In many instances in the past, I was the only woman in the room.
That was also the case in the German Council of Economic Experts, and it happened to me many, many times. And I do think that this has an impact on the style of the conversation, and I must say that I feel more at ease when there are more women. But this is not to say that I do not love working with men as well. I have an excellent relationship to my male colleagues in the Governing Council, and I really like working with them. But I do think the atmosphere does change a bit when the share of women is higher.
Hasenstab: Yeah. Absolutely. Thank you for that.
Is there anything else you’d like to discuss today about women in economics, any other things you want to share?
Schnabel: Maybe one point is the importance of mentorship. So that’s something that is often underestimated, how important it is that one has someone who is supportive in one’s career. And I must say I was extremely lucky that I had a PhD advisor, Martin Hellwig, who is a very renowned economist but who’s also an extremely nice person. And he supported me throughout my career.
There’s maybe one anecdote I would like to tell. I was a first-year PhD student, and he came up to me and he said, “I was invited to this conference. Could you replace me?” And, of course, I said, “Yes, yes, I will.” And then I looked at this conference program, and for me that was so intimidating. It was one of these very small, exclusive conferences where there were only top economists. I was this first-year PhD student, and I was supposed to discuss a paper by Douglas Diamond, who now is a Nobel Prize winner.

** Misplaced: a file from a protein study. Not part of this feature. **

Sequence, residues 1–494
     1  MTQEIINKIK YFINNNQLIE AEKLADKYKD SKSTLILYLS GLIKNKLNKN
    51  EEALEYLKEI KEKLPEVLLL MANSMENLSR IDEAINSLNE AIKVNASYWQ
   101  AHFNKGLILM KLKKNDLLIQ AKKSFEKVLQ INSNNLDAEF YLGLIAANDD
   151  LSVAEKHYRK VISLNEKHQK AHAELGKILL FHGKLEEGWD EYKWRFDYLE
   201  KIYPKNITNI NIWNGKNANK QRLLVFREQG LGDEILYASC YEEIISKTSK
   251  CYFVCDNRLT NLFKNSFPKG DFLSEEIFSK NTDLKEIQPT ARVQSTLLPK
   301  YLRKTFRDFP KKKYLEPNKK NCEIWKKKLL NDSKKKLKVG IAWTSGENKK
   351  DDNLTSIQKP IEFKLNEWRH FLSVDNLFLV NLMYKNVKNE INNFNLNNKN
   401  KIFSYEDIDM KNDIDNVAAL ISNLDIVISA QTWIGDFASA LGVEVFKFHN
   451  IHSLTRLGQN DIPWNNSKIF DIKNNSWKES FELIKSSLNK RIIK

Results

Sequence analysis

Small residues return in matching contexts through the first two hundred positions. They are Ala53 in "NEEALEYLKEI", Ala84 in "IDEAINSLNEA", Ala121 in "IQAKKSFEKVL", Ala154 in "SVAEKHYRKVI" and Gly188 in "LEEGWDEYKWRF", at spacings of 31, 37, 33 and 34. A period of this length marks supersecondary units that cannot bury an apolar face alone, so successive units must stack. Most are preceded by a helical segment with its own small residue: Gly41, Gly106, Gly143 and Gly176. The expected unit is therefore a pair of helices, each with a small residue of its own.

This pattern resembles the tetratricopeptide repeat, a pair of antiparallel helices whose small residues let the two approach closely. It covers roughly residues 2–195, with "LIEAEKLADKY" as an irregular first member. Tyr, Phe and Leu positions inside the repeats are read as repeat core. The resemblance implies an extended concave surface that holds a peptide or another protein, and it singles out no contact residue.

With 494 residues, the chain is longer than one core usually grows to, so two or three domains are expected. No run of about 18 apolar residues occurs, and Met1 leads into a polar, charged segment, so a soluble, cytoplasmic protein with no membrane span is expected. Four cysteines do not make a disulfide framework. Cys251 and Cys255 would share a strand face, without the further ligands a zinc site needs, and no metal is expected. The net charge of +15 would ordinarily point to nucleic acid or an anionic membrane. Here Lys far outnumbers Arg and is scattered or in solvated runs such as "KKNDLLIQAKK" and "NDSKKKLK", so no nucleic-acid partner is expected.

And, of course, I was a bit scared I must admit, but the point I wanted to make is that I’m still impressed that Martin Hellwig put this trust into me, that he believed that I could do this. And I think we all need people who trust in us and who believe that we can do that. And my feeling is that this is even more important for women because I’ve often seen that women tend to underestimate themselves, and so they very much need the encouragement of others. I think, also, for those who are more advanced in their careers, it’s very important to give this trust to the younger people, also to the men but especially to the young women who may not be confident enough to pursue a certain career path even though they are perfectly able to do that.
Hasenstab: That was so important what you said there: We all need people who trust in us and believe in us, and that’s awesome that you’ve had that throughout your career. Isabel, thanks so much for sharing your story today.
To hear more from the Women in Economics Podcast Series, visit https://www.stlouisfed.org/timely-topics/women-in-economics. You can also hear Women in Economics on Apple Podcast, Spotify, and wherever you like to listen to podcasts.
Isabel, thanks so much for sharing your story today.
Schnabel: Thank you so much for having me. It was a great pleasure.